ORLANDO, Florida (AP) — Dozens of transgender people in Florida have turned to crowdfunding appeals to help them leave the state after the passage of new legislation that targets the LGBTQ+ community, including a law that curtails access to gender-affirming care for adults and bans it for minors.
For Sage Chelf, the decision to leave hardly felt like a choice, but she didn’t have the funds to cover a move. The 30-year-old trans woman, who lives in the Orlando area, was nearly out of one medication when she found out the clinic that had been prescribing her hormone therapy was ending all treatment for trans patients.
“I don’t want to go back to the person that I was forced to be at the time,” Chelf said, of the years before she transitioned in 2021. “It was a very dark time in my life. I would rather just not be alive, I guess, then have to go back to living not trans.”
Chelf was among dozens who made an appeal for donations online, saying they needed help to leave Florida in anticipation of or in reaction to a law that took effect May 17. In addition to banning gender-affirming care for transgender minors, the law places new restrictions on adults seeking treatment.
The number of people seeking help online is a fraction of the 94,900 transgender adults estimated to live in Florida by the Williams Institute at the University of California, Los Angeles School of Law, which looked at state-level, population-based surveys. Many, if not most, will stay.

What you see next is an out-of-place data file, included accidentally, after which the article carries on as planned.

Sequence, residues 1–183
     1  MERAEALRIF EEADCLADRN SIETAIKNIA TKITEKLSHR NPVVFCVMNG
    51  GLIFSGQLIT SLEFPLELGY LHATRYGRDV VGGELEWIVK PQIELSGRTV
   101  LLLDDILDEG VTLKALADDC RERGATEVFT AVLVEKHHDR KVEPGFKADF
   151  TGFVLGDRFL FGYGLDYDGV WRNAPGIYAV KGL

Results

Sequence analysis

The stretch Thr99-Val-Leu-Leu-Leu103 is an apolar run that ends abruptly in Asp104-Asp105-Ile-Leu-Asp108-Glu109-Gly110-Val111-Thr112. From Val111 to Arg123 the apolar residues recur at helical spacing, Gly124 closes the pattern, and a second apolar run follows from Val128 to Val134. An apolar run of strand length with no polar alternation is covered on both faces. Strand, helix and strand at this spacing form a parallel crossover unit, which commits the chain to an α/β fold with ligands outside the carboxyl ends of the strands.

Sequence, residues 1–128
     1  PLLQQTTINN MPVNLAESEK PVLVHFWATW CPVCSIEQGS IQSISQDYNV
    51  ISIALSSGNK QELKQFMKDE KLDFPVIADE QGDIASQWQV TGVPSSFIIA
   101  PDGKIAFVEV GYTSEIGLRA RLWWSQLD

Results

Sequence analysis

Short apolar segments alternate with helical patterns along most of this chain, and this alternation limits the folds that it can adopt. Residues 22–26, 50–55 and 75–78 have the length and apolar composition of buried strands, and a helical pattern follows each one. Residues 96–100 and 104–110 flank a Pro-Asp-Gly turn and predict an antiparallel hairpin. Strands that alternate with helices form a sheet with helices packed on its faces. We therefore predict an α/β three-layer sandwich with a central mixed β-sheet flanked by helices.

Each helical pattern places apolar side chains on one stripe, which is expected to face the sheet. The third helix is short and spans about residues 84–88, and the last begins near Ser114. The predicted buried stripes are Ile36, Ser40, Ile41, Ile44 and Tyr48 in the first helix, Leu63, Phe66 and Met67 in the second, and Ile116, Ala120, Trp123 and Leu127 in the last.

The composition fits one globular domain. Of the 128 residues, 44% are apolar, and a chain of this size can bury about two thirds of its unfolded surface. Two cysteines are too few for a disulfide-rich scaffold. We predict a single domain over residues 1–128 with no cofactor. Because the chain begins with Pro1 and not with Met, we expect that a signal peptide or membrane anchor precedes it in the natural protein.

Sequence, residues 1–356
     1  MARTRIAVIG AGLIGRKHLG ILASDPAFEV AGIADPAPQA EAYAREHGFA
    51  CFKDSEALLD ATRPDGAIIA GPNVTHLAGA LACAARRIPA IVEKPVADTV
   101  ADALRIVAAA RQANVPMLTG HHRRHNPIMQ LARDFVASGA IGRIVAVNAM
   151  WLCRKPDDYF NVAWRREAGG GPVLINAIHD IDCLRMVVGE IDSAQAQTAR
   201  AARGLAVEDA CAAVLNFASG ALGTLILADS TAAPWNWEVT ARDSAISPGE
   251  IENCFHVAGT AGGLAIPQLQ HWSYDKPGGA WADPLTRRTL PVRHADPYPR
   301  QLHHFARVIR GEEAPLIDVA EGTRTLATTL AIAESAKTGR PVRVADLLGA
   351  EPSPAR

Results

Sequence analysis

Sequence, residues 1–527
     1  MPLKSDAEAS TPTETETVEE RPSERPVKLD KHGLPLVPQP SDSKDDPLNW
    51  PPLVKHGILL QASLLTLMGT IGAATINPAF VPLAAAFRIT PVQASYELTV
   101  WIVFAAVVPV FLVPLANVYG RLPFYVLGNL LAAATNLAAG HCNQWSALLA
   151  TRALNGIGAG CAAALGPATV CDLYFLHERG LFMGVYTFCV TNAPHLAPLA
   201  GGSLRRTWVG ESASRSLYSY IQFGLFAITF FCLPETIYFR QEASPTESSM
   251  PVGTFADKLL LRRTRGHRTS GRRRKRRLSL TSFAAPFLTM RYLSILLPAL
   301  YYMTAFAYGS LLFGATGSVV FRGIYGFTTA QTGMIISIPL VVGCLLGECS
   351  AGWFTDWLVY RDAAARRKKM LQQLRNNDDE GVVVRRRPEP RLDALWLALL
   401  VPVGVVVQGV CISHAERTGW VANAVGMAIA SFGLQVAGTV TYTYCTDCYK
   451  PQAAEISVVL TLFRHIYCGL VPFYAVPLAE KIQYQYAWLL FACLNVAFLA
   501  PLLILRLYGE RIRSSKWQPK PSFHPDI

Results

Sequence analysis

Not all trans people seek medical interventions. But for those who do, losing access to hormone therapy, or interrupting other care, can be devastating for their mental health. Over time, they can lose some of the sex characteristics generated by the hormones.
Chelf, who works as a leasing agent in Orlando, figured she would need $2,500 to cover the cost of moving and finding a new job. She was stunned to raise more than $3,000 online in less than two weeks.
“I was under the impression that no one’s going to actually donate, people are going to think I’m just trying to like, get free money,” she said.
People have given $200,000 since January to fundraisers on GoFundMe started by trans people seeking to leave Florida, according to data from the platform. Jalen Drummond, GoFundMe’s director of public affairs, said the online fundraising platform saw a 39 per cent increase from April to May in the number of fundraisers created to help trans people leave the state because of the changing laws.
That’s still a pittance in terms of overall charitable giving, but it has a big impact for people like Chelf. Such mutual aid helps make up for the overall underfunding of nonprofits that serve the LGBTQ+ community.